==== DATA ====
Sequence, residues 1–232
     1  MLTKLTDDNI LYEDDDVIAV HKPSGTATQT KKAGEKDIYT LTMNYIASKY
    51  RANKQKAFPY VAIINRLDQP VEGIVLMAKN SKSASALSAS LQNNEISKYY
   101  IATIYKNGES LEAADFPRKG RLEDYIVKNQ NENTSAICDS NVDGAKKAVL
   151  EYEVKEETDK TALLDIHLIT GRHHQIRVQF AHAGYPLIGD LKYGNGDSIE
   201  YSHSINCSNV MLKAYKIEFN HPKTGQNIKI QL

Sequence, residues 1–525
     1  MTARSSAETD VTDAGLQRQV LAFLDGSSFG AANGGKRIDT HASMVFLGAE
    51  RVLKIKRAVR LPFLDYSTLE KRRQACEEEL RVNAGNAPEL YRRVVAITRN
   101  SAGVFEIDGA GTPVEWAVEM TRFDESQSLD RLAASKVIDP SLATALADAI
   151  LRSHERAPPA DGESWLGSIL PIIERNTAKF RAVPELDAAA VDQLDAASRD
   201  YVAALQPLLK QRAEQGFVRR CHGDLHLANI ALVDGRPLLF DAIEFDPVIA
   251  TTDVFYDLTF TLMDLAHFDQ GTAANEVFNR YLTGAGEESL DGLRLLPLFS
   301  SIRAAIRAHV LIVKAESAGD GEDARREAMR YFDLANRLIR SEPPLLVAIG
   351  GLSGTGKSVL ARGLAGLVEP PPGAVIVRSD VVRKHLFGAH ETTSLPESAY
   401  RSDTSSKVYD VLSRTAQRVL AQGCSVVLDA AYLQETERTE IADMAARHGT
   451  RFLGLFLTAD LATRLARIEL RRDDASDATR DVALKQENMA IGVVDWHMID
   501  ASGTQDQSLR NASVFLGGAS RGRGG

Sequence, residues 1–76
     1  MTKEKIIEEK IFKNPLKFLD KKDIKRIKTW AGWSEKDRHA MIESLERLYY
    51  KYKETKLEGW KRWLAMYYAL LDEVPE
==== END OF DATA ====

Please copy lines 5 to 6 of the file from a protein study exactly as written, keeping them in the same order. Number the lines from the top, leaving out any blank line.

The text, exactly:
   151  EYEVKEETDK TALLDIHLIT GRHHQIRVQF AHAGYPLIGD LKYGNGDSIE
   201  YSHSINCSNV MLKAYKIEFN HPKTGQNIKI QL